Should it be unlawful to make employees check work email after hours? Some in NYC Council think so.

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Woo boy! I’m sure that none of you have any strong opinions about this one.

None whatsoever. 😁

A few weeks ago, New York City Council Members Rafael L. Espinal, Jr. and Alicka Ampry-Samuel co-sponsored a bill that would make it unlawful for private employers in the city of New York to require employees to check and respond to email, text messages, and other electronic communications during non-work hours.

What does this bill say exactly?

§ 20-1402 Disconnecting from work. a. 1. It shall be unlawful for any employer to require an employee to access work-related electronic communications outside of such employee’s usual work hours, not including overtime, except in cases of emergency.

2. All employers shall be required to adopt a written policy regarding the use by employees of electronic devices to send or receive emails, text messages, or any other digital, work-related communication, during non-work hours….

Violators are subject to monetary fines for each time a company requires an employee to access work-related electronic communications outside of the standard work hours. Penalties for retaliation (yep, there’s an anti-retaliation provision) can be up to $2,500, plus lost wages.

So, what the heck, amirite?

With the caveat that I’m no expert on NYC labor law, I see a couple of glaring issues here:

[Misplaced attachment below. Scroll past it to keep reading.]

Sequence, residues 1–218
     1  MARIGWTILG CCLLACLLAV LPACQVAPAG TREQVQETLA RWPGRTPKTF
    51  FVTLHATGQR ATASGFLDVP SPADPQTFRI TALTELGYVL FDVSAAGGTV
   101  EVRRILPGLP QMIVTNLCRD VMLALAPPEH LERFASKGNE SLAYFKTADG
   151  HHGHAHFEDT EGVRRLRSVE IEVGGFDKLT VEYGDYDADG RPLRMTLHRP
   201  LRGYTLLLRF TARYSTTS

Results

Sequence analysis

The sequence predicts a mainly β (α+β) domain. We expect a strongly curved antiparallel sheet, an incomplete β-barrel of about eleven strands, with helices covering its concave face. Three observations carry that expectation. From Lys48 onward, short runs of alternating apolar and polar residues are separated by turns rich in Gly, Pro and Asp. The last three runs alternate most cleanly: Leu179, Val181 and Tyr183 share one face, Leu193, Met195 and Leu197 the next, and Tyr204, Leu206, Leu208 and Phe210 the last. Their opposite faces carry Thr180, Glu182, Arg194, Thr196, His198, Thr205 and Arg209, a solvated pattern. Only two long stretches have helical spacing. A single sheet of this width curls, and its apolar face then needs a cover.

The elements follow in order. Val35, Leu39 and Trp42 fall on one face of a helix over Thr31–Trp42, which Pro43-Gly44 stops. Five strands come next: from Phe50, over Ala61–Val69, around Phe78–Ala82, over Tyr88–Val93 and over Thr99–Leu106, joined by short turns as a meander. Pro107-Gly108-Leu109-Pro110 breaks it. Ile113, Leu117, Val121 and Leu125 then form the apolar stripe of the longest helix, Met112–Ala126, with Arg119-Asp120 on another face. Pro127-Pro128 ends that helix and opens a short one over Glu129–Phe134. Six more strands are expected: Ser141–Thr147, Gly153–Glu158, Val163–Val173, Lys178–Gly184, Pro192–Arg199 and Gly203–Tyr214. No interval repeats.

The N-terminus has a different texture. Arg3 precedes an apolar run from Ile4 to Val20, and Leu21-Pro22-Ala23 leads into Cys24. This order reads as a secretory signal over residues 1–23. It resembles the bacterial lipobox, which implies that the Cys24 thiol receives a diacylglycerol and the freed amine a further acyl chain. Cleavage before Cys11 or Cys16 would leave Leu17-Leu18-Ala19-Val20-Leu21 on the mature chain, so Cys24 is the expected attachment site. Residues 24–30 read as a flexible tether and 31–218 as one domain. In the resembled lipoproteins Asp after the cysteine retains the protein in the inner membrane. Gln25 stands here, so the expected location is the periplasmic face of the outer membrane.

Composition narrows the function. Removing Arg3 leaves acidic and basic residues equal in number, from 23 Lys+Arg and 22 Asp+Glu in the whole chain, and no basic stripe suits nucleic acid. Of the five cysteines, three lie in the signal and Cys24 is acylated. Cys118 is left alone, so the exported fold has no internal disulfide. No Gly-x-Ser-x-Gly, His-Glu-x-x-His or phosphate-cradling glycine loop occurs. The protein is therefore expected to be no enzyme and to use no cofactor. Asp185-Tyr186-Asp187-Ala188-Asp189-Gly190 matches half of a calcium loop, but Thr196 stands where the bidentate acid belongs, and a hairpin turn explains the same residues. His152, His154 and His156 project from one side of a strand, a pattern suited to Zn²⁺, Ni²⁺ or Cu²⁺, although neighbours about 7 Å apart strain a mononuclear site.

First, the bill does not distinguish between exempt and non-exempt employees, except by noting that an employer can require an employee to access work-related electronic communications while working overtime. That implies that a company can only require non-exempt employees to check work emails off the clock, and pay them for it.

I get paying non-exempt employees who spend any more than a de minimis time checking emails off the clock. The Fair Labor Standards Act requires that. However, the FLSA contemplates that exempt employees get a salary (well, most of ’em anyway) and get paid that salary regardless of how few or many hours they work in a week. That could include checking and responding to a few emails off the clock. This bill is at odds with that generally-accepted wage-and-hour precept.

Second, we’re adults. Look, I don’t know what “cases of emergency” would justify requiring an employee to access work-related electronic communications off the clock. Notwithstanding, sometimes work needs to get done after business hours. Not all the time, but sometimes. When that happens, an employee may need to check his or her email. And, if the employee doesn’t like the occasional inconvenience of doing so, if that employee is at-will (most of us are), that employee can seek out other employment with another employer. God bless America.

A wake-up call, nonetheless?

Still, a bill like this is not formed from whole cloth. More likely, this legislation is a reaction to what many may perceive as too many employers not appreciating that many employees crave more work-life balance.

So, while this bill probably won’t become law, think of it as a wake-up call.

Maybe your business needs to hit the pause button, take stock, and decide whether the company places too much emphasis on work and not enough on life. If so, consider some re-alignment. Otherwise, you may come to appreciate the meaning of at-will employment, through employee attrition.


“Doing What’s Right – Not Just What’s Legal”
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